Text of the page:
SenseGlove: from prototype to serial product

SenseGlove: from prototype to serial product

Start-up SenseGlove in Delft developed a VR glove that lets users feel and manipulate virtual objects. Spark helped to develop a product assembly that was suitable for serial production and with supplier sourcing: finding suppliers and producers.

Force feedback

The SenseGlove makes digital objects tangible by translating the tactile qualities of that object into so-called force feedback. In this case, this feedback comes from artificial tendons on the gloves that provide resistance in the fingers when the user touches, holds, or squeezes an object in virtual reality. Spark Project Leader Wichert Put: “So when you squeeze a virtual tennis ball, the more you squeeze it, the harder it gets.”

New assembly method

Originally, the prototype developed by SenseGlove took a few days production time per item. That’s too long. Put: “The fingers were particularly complex. So, in addition to issues such as cable management and sensors, we mainly looked at smarter production of the fingers so that fast and reliable assembly is possible. In a Design for Manufacturing (DfM) project, we developed a new assembly method in which the fingers can now be assembled and tested separately, and then integrated into the product.”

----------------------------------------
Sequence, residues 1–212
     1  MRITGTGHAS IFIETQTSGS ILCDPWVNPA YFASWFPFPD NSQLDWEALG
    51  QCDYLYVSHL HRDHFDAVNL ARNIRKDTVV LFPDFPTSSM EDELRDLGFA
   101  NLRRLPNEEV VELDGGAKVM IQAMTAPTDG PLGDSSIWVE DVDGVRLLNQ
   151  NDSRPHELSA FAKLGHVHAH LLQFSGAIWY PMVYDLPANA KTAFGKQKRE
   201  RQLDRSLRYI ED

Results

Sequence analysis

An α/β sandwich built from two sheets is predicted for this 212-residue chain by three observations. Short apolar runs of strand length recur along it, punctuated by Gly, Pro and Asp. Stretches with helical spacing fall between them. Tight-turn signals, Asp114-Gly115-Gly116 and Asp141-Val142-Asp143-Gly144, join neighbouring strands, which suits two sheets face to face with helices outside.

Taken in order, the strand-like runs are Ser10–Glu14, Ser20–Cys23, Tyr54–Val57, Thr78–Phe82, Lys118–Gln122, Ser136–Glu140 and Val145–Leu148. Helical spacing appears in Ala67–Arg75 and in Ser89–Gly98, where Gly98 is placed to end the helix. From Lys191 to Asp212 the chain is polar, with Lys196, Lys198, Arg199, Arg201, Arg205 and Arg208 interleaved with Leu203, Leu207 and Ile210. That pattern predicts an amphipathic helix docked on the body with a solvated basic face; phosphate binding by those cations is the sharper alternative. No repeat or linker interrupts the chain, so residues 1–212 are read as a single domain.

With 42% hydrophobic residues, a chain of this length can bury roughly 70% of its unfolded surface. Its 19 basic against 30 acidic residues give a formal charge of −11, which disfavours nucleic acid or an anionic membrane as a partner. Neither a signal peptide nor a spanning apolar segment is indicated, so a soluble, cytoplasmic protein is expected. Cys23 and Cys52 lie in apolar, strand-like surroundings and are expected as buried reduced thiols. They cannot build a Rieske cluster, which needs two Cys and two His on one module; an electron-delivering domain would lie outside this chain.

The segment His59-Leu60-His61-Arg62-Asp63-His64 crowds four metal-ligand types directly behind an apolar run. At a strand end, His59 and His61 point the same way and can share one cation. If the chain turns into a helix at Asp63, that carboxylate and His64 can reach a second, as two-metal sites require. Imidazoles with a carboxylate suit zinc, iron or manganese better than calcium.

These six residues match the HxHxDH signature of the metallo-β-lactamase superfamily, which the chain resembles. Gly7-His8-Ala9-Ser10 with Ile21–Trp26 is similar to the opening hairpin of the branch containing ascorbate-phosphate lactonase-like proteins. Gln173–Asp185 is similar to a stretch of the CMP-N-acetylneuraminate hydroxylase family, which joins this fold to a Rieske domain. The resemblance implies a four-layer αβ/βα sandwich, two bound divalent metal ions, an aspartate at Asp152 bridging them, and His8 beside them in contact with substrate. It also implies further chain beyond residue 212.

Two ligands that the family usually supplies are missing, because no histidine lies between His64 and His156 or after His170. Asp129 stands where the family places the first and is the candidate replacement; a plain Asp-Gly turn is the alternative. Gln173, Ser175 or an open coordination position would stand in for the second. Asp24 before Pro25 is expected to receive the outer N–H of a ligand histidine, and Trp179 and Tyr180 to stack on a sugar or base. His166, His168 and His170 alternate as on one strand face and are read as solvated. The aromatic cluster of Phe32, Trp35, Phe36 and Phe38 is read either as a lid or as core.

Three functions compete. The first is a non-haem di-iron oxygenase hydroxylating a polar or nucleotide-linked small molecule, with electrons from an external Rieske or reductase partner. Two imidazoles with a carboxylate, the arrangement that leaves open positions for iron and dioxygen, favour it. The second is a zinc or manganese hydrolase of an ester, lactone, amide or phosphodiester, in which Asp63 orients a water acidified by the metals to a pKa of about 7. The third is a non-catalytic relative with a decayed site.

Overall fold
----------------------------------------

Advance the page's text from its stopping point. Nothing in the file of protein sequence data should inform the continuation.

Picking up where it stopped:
Substantiated costs

But we weren’t there yet, explains Put. “Next, we got around the table with injection moulding companies, assemblers, and electronics developers from our network. Among other things, we validated the feasibility of the design and compiled a set of substantiated costs. The latter was important for SenseGlove to find new investors and to further develop the product. And they’ve done just that. In the meantime, the first 200 gloves have been serially produced.”

Make the digital feel real

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